• Are at least 18 years old

You cannot enter this trial if you

  • Have had chemotherapy or strontium 89 for your prostate cancer in the past
  • Have taken bisphosphonate drugs in the last 2 months
  • Have had radiotherapy to more than a quarter of your bone marrow Open a glossary item or to all of your pelvis
  • Have prostate cancer that has spread to your brain
  • Already have peripheral neuropathy unless it is very mild
  • Have had any other cancer in the last 5 years apart from basal cell skin cancer that was successfully treated
  • Are known to be sensitive to bisphosphonate drugs
  • Are taking part in any other clinical trial
  • Have had any experimental treatments in the last 30 days

Trial design

This is a randomised trial. It will recruit 1,240 patients into 4 groups. The people taking part will be put into treatment groups by a computer. Neither you nor your doctor will be able to decide which group you are in.

  • Group 1 will have docetaxel chemotherapy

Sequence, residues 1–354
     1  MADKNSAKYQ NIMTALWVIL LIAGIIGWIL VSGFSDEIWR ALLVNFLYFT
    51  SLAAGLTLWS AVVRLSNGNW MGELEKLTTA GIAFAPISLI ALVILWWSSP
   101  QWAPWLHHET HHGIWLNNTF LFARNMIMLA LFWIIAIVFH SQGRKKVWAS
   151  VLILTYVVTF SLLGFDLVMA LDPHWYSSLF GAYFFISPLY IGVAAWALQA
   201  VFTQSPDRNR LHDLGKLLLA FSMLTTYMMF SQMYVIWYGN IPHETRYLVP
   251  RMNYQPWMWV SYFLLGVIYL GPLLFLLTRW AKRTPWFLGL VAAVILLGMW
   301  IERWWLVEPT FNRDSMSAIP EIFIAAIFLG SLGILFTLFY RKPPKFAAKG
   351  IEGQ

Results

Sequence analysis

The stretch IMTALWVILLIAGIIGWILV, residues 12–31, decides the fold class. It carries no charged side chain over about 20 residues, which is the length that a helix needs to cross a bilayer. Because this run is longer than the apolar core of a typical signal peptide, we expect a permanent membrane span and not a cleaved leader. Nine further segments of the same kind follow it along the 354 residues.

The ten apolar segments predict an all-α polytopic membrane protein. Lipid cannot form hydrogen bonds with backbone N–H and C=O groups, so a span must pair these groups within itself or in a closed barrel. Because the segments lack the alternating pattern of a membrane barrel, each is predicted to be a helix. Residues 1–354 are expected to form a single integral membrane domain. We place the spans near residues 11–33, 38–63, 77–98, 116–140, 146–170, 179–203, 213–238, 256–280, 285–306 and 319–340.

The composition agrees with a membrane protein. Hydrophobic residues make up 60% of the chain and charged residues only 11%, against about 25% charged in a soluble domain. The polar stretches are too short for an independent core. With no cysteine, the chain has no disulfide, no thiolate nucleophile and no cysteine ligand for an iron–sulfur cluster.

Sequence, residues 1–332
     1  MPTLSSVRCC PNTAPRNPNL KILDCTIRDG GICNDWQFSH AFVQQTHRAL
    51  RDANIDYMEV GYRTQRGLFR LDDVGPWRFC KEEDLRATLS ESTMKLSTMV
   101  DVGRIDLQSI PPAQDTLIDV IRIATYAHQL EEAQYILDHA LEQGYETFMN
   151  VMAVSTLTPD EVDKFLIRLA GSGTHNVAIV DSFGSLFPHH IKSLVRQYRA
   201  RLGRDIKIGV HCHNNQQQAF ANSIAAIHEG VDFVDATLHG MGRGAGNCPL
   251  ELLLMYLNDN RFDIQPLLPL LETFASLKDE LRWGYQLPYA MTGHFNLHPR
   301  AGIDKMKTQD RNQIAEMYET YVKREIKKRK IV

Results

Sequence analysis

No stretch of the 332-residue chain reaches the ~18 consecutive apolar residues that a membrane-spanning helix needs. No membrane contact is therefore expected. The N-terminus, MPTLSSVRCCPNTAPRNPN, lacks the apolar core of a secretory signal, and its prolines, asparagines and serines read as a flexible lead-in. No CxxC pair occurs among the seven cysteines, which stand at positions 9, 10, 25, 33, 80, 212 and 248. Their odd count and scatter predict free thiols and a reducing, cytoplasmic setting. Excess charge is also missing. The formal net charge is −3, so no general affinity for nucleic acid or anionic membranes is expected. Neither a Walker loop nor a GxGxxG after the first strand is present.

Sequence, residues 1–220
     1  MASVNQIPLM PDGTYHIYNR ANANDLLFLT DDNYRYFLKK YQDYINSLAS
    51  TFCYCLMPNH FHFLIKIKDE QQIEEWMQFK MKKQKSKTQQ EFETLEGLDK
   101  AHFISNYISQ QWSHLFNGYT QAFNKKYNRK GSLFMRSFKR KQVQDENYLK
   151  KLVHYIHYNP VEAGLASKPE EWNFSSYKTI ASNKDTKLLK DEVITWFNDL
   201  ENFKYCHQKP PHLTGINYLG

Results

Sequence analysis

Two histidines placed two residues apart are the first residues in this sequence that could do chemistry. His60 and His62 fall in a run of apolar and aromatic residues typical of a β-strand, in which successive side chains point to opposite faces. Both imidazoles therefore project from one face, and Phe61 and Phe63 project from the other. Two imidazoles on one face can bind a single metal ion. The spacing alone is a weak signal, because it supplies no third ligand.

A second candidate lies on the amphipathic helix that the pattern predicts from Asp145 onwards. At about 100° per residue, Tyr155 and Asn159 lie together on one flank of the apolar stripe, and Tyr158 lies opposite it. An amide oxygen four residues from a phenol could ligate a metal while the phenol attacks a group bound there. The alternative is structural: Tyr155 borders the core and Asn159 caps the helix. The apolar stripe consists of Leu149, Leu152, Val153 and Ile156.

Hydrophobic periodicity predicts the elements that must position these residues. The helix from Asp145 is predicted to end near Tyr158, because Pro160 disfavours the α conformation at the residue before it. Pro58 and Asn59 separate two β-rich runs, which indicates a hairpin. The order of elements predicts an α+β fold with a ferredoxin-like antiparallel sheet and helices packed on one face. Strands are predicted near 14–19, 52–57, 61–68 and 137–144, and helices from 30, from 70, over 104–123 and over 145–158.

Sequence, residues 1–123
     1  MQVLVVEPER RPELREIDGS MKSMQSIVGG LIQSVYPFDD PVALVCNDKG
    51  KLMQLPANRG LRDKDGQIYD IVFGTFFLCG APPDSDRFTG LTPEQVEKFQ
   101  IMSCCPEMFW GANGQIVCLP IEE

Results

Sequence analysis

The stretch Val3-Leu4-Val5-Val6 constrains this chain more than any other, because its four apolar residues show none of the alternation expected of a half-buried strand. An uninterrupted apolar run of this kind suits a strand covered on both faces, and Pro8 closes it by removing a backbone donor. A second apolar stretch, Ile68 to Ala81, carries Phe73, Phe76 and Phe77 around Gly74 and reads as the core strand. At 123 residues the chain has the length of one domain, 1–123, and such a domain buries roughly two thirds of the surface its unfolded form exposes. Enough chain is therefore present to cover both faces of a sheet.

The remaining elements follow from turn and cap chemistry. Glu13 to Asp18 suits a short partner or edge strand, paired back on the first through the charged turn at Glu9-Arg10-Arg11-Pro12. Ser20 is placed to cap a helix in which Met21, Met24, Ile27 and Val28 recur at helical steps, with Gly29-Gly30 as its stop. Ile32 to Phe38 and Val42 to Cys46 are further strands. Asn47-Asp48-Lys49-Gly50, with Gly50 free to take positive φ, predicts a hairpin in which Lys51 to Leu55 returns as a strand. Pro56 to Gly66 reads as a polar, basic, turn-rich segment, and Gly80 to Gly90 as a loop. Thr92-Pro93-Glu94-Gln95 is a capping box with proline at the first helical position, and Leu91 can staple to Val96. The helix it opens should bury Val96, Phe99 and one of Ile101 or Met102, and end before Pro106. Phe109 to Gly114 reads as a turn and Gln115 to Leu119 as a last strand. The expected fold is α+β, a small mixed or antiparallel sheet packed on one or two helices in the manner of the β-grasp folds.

• Group 2 will have docetaxel and zoledronic acid
  • Group 3 will have docetaxel and strontium 89
  • Group 4 will have docetaxel, zoledronic acid and strontium 89

All groups have docetaxel through a drip into a vein once every 3 weeks. This takes about an hour each time. Each 3 week period is one treatment cycle. You will also take a steroid Open a glossary item tablet called prednisolone every day while you are having chemotherapy.

If you are in group 1 or 3, you will have a maximum of 10 cycles of treatment.

If you are in group 2 or 4, you will have zoledronic acid through a drip into a vein once every 3 weeks for up to 10 cycles of treatment. Then once every 4 weeks after that for as long at the treatment helps you. This takes about 15 minutes each time.